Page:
Joyce also blamed England for what he saw as Ireland's backwardness. On July 1, 1690, at the Battle of the Boyne, the Protestant forces of King William III of England had defeated the Roman Catholic Jacobites of James II, causing the downfall of Catholic Ireland. Until 1922, when British Parliament granted independence to the country (while retaining control of what is to this day the province of Northern Ireland, the inhabitants of which tend to be Protestant rather than Catholic), Joyce's homeland would remain, in effect, a colony of England. Joyce and many other Irish saw this era of over 200 years as one of outright occupation by an overtly hostile enemy.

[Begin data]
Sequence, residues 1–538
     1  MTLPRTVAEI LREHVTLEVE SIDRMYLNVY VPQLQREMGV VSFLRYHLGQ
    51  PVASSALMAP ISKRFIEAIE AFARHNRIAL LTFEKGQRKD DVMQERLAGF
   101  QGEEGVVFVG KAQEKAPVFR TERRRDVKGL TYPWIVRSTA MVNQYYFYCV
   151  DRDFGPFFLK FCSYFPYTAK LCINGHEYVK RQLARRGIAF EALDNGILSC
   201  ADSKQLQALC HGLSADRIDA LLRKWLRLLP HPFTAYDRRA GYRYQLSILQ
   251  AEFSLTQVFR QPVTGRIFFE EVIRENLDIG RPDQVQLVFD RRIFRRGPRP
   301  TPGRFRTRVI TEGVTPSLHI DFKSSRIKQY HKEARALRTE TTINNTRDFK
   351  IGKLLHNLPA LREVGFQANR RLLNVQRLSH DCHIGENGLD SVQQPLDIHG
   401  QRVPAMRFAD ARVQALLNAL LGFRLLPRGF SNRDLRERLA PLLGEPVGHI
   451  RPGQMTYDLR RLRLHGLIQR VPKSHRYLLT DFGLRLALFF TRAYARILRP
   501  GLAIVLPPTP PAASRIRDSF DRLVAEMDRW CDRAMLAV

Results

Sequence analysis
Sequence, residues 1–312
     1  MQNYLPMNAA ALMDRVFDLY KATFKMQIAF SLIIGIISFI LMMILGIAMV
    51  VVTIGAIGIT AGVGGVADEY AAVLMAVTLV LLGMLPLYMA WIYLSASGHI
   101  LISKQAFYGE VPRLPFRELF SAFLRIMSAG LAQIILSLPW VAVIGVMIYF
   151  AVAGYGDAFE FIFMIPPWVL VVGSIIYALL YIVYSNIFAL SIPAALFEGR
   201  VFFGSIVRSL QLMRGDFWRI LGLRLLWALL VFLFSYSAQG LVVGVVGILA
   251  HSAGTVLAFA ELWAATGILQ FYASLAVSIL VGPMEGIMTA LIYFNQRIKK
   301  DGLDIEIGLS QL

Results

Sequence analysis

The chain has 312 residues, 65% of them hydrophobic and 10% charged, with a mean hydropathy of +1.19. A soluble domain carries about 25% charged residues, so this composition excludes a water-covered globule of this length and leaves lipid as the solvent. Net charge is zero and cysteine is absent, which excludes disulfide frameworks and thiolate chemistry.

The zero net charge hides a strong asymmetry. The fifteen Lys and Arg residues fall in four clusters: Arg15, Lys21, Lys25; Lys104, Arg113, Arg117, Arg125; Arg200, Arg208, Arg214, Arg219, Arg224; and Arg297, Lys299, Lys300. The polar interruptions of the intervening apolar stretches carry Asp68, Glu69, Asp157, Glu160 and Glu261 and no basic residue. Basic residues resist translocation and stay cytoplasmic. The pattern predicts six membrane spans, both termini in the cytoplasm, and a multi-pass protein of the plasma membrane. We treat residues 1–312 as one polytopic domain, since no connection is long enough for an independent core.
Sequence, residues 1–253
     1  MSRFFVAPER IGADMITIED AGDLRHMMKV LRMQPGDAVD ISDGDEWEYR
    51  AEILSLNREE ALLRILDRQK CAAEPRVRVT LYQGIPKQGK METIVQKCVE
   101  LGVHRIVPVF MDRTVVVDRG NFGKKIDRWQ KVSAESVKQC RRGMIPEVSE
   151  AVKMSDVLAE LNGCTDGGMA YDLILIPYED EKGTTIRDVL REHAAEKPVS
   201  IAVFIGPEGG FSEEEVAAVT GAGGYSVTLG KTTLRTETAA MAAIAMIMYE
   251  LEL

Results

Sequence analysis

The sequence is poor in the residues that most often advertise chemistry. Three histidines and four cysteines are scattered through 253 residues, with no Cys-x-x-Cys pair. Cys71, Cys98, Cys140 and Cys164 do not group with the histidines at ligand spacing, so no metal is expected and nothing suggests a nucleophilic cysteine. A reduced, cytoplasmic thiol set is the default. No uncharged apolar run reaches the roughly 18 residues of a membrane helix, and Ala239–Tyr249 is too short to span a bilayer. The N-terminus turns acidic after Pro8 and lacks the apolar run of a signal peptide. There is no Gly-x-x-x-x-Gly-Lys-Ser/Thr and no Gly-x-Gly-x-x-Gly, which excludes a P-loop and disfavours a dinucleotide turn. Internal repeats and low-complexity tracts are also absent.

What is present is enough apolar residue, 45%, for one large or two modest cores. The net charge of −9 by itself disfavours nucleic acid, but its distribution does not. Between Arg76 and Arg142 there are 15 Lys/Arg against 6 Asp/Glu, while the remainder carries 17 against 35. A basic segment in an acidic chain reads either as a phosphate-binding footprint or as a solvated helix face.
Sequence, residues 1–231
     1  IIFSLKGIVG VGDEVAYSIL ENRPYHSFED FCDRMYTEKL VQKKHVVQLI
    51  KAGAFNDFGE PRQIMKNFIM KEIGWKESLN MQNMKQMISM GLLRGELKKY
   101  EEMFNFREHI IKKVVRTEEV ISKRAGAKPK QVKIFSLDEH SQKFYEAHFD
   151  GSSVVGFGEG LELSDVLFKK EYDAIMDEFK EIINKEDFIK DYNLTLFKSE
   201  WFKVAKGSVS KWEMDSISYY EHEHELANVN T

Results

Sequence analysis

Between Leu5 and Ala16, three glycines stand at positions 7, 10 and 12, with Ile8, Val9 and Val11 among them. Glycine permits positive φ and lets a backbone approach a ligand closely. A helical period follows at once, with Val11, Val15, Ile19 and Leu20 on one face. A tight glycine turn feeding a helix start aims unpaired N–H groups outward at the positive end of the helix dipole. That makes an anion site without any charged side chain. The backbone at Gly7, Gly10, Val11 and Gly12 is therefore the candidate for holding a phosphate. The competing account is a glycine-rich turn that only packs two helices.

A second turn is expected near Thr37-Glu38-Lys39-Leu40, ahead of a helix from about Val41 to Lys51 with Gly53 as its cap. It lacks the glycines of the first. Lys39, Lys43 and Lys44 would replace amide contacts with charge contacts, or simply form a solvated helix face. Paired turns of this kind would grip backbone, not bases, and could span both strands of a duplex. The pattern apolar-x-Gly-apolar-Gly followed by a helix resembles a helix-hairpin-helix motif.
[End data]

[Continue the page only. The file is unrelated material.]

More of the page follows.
The period during which Dubliners is set follows the brutal so-called Potato Famine of the late 1840s — for which many Irish held the British responsible — after which a movement for Irish independence (led by the nationalist Charles Stewart Parnell) occurred. This movement, however, failed ignominiously when Parnell was betrayed by his own countrymen, and in the Dublin of Joyce's novels, the defeat still stings. (For evidence of this, see "Ivy Day in the Committee Room.") The Irish Revival, a movement begun in the 1880s to foster understanding and respect for Celtic and Gaelic language and culture, is referred to in Dubliners as well (in "A Mother" and "The Dead"). From the very first story onward, the book is rife with examples, obvious and less so, of the treachery of England and the English, at least in the opinion of Joyce and his characters.